The Lebanese Center for Human Rights (CLDH) is a local non-profit, non-partisan Lebanese human rights organization in Beirut that was established by the Franco-Lebanese Movement SOLIDA (Support for Lebanese Detained Arbitrarily) in 2006. SOLIDA has been active since 1996 in the struggle against arbitrary detention, enforced disappearance and the impunity of those perpetrating gross human violations.

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June 16, 2015

The Daily Star - Mitsubishi Canter owner testifies at STL, June 16, 2015

Elise Knutsen

With renewed interest, judges at the Special Tribunal for Lebanon heard Monday more testimony related to the sale of the Mitsubishi Canter van believed to have been used as a massive truck bomb in the 2005 assassination of former Prime Minister Rafik Hariri.

The man who owned the Mitsubishi Canter van prior to its alleged sale to Hariri’s assassins was questioned by the prosecution Monday, two weeks after his colleague who owns the car lot where the vehicle was displayed and ultimately sold took the stand.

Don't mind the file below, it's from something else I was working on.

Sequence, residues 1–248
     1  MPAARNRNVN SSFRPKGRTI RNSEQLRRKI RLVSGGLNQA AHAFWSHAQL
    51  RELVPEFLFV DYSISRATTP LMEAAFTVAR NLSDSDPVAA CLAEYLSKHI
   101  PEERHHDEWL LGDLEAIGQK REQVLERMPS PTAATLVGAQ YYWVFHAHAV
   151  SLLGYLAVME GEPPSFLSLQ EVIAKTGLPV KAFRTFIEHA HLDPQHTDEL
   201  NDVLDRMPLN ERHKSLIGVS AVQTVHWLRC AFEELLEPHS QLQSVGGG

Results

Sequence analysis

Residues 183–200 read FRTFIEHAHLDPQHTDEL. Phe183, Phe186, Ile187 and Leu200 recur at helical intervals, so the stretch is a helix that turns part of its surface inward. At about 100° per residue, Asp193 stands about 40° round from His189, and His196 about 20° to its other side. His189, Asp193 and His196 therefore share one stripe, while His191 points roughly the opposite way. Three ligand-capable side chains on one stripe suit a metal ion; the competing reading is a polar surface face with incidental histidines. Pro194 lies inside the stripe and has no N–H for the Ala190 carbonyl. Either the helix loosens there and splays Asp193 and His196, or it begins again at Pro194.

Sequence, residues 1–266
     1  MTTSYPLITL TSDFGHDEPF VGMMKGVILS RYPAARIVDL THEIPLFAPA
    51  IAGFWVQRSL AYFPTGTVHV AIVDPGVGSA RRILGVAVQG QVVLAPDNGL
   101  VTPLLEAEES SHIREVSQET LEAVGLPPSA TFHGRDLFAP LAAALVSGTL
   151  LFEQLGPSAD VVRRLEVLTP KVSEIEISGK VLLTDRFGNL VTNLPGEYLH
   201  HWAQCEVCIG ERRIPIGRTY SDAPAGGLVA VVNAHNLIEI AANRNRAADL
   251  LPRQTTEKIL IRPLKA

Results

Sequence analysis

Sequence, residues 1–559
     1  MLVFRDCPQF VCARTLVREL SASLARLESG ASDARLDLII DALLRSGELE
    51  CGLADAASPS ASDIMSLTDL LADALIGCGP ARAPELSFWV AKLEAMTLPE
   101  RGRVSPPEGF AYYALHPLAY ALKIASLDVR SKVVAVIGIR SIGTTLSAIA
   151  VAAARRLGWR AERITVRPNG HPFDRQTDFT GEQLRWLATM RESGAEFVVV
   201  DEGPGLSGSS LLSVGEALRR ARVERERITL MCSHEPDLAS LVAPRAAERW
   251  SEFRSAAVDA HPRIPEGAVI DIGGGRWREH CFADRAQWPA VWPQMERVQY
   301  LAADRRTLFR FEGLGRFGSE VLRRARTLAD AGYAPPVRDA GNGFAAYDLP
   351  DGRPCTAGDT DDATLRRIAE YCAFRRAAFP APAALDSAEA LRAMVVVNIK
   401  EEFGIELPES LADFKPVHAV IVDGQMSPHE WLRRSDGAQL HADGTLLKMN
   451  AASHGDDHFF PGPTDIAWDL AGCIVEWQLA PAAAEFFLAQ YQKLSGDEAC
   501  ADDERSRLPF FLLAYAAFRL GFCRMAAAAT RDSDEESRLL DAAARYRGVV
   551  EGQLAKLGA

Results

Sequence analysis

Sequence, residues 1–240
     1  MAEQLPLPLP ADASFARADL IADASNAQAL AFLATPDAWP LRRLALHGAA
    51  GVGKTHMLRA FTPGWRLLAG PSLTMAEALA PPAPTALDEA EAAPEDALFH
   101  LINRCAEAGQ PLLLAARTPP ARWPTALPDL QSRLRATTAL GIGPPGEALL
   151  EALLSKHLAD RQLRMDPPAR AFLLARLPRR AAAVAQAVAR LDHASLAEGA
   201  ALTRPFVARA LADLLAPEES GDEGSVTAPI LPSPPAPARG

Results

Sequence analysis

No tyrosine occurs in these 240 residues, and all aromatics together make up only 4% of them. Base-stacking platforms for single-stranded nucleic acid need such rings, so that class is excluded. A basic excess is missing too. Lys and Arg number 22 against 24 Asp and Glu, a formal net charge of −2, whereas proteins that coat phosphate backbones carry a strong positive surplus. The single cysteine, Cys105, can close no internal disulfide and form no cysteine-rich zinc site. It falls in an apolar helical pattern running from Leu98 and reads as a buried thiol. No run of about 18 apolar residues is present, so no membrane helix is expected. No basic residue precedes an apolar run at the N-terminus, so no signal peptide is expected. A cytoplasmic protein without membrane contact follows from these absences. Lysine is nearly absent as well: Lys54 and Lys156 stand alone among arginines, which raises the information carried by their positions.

The witness, like his colleague, was given protective measures to conceal his identity from the public. Referred to in court as “the owner,” the witness confirmed that he had indeed purchased a 2002 model Mitsubishi Canter van in the United Arab Emirates at the end of 2004, and had displayed the vehicle at his colleague’s car lot in Tripoli.

“The Mitsubishi Canter van was my property. I’m the one who bought it from the UAE and shipped it to Lebanon,” the witness confirmed.

Throughout the day, the witness was shown a number of documents related to the sale of the vehicle, some scribbled in barely legible chicken-scratch writing. The witness said that sometime possibly in late January 2005, he received a call from his colleague telling him that two individuals were interested in purchasing the vehicle. The colleague called him again a few minutes later to confirm that the buyers had agreed on a sale price of $11,250.

At least one of the men who purchased the van is believed to be a member of the terrorist cell responsible for the blast which killed Hariri and 21 others. The prosecution, however, confirmed in court that “they have no evidence to suggest” that the buyer was one of the five Hezbollah members formally accused of conspiring to kill Hariri.

It is unclear how many individuals the prosecution believes were involved with Hariri’s assassination.

Toward the end of the day, the prosecution showed the witness phone records, an apparent effort to jog his memory about the exact date of the Mitsubishi’s sale. The prosecution is expected to rely heavily on phone records in the coming months to show that the five Hezbollah members had carefully conducted surveillance of Hariri and plotted his death.

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